When I read the options on building this barrel oven - you could either 1.  Order the pre-welded oven kit, or 2. Weld up the parts yourself... I immediately thought of Scott.

It felt a bit risky when I sent over the email link asking if (this man I'd never met) would be willing to share his skills with us.  I wanted to learn how to... you know... just whip together a functioning oven out of an old barrel.

What I didn't realize was, in that step of reaching out, I ended up making some new and very dear friends.

I ordered the small, 100 page book online and started reading and dreaming:

Max & Eva Edelson wrote this simple book which has basic plans and gives an outline for how to build a barrel oven.  CLICK HERE to order yours.

Max & Eva Edelson wrote this simple book which has basic plans and gives an outline for how to build a barrel oven.  CLICK HERE to order yours.

I invited my new welder friend Scott over and showed him the design.  Within a few minutes, he had called up a friend and asked him to set aside a barrel they had.  I was giddy. We were already on our way.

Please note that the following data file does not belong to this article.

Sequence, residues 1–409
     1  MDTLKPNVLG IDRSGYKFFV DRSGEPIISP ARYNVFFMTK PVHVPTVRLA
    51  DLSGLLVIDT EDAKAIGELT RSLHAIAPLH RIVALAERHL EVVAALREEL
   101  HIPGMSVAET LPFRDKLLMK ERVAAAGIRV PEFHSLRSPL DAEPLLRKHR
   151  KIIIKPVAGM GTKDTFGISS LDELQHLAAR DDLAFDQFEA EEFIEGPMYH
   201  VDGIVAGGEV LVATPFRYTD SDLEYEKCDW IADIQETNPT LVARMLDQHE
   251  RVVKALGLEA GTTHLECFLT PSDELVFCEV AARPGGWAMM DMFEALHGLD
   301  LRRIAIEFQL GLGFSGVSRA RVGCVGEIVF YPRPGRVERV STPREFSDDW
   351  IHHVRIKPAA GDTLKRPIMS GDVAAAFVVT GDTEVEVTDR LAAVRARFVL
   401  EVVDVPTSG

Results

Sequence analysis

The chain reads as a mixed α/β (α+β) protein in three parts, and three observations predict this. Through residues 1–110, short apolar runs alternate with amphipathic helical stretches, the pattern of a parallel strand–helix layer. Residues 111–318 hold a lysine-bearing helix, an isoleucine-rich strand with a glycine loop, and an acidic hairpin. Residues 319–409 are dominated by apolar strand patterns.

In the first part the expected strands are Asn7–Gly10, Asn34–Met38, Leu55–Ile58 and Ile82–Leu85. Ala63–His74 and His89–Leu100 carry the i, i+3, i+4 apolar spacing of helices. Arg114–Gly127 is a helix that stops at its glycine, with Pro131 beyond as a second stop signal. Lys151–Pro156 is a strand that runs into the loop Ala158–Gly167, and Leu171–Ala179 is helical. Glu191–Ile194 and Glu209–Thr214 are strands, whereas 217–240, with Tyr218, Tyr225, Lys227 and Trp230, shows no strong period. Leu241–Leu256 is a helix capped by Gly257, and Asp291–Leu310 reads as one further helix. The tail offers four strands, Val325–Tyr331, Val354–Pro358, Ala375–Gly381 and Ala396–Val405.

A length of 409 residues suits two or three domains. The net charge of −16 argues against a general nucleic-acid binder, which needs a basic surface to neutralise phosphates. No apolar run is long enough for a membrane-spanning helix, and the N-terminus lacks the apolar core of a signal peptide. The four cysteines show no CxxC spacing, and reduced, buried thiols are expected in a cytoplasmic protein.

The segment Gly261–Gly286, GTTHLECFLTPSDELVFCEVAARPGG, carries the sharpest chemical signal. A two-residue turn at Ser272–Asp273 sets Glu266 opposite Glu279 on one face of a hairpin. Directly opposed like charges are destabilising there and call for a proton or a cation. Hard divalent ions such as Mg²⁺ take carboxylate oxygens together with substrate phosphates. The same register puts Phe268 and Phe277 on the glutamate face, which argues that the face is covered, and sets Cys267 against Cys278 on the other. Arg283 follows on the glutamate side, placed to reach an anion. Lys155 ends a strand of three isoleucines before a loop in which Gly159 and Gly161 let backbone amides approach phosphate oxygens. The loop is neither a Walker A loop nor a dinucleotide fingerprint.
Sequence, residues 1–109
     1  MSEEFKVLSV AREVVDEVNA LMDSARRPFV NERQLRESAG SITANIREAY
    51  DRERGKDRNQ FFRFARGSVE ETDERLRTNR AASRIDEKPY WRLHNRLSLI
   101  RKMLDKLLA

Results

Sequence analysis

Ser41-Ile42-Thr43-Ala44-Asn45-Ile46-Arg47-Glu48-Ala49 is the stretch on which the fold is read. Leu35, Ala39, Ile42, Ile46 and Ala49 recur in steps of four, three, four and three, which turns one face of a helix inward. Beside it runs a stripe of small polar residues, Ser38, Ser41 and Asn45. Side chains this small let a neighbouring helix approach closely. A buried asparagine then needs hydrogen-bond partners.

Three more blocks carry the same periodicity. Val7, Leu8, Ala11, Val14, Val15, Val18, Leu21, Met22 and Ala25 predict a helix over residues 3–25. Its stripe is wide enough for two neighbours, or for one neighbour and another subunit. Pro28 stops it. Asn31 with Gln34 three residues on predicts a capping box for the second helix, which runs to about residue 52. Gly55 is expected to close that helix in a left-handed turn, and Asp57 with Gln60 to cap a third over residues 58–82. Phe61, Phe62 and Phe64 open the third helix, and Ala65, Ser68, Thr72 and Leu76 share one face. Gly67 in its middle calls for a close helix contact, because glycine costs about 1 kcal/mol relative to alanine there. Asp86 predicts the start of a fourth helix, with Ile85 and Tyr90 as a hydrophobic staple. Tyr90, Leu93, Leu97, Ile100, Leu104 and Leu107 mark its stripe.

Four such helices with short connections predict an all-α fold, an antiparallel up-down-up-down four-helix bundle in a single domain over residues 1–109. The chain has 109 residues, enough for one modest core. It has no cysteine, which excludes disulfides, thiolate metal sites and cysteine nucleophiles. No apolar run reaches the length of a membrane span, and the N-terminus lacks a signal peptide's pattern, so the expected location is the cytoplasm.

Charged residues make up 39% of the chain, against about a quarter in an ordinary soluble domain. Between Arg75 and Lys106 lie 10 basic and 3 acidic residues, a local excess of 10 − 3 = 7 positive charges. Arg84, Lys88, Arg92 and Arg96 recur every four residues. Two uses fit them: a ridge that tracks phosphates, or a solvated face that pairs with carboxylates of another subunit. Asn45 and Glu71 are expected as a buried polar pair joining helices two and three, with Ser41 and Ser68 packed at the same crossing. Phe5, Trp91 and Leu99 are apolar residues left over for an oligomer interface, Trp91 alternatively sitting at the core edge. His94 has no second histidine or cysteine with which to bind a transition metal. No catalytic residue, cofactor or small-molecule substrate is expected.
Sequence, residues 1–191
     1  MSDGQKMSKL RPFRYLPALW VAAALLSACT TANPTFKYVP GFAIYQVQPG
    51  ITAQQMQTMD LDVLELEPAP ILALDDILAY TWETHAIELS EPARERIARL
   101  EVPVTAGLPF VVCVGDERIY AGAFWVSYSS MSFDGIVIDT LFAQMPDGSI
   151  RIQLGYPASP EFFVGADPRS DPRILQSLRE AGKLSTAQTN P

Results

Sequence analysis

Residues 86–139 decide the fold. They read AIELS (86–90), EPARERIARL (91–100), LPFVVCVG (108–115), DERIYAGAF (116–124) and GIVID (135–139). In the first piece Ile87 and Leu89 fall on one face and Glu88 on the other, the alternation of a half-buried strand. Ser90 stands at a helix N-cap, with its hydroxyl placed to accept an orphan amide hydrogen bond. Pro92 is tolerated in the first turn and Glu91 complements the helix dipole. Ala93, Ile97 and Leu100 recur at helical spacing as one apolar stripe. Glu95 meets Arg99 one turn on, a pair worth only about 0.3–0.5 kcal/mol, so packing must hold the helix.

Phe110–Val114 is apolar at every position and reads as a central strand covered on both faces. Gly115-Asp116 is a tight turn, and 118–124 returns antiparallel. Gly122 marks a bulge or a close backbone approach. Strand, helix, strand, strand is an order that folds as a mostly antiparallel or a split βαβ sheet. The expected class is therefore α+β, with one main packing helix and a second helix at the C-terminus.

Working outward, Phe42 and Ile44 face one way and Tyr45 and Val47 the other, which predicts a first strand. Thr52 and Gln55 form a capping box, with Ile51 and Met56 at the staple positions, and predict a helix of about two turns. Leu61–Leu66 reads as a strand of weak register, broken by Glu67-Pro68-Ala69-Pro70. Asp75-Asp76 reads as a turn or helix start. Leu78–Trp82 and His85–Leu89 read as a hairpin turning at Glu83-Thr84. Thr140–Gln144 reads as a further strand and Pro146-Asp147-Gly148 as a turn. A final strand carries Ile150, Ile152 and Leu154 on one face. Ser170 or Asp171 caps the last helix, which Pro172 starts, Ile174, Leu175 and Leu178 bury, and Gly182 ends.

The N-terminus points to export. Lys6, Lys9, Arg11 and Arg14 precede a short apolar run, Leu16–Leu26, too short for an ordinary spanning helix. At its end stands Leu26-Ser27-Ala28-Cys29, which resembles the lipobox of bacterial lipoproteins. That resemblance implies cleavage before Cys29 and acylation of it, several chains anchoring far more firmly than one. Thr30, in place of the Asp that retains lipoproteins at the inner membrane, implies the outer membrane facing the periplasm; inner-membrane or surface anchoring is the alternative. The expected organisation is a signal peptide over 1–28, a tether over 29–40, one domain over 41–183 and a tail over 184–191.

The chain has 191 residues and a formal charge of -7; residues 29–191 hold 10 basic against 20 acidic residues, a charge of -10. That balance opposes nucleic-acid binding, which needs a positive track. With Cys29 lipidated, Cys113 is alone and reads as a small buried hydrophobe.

Like with many things that I take on - I am the eternal optimist.  "We can TOTALLY do this!" I say... and, truly - we can.   It just usually involves quite a bit more work than I expect at the start.

Scott gave us a quote on the cost of the welding materials, and generously offered his time - to teach us and help us complete the oven.  Once we'd saved up enough for the materials (around $200) - we were ready to begin.

The girls and I got out the sledge hammer and knocked down the old fire 'ring' that once sat in our backyard.  We needed to get rid of it so we could pour our new cement pad and get ready to build our oven!

I soon found out that I had NO IDEA what I was talking about when I made that comment about wanting to learn how to weld.  I had this idea that you just used a little torch-like thing to heat metal and bend it into the shape you wanted, or melt pieces together - and voila! Magic.  When the girls and I walked into Scott's shop and saw all of these humongous metal saws, tanks full of argon gas, and cranes on the ceiling for lifting - I realized what a HUGE gift it was to be there.  I love giving my girls hands-on experiences like this to learn, but I was enamored and amazed myself at the whole process.  

The girls learning about measuring and cutting steel.

The girls learning about measuring and cutting steel.

Fun times in Scott's shop

Fun times in Scott's shop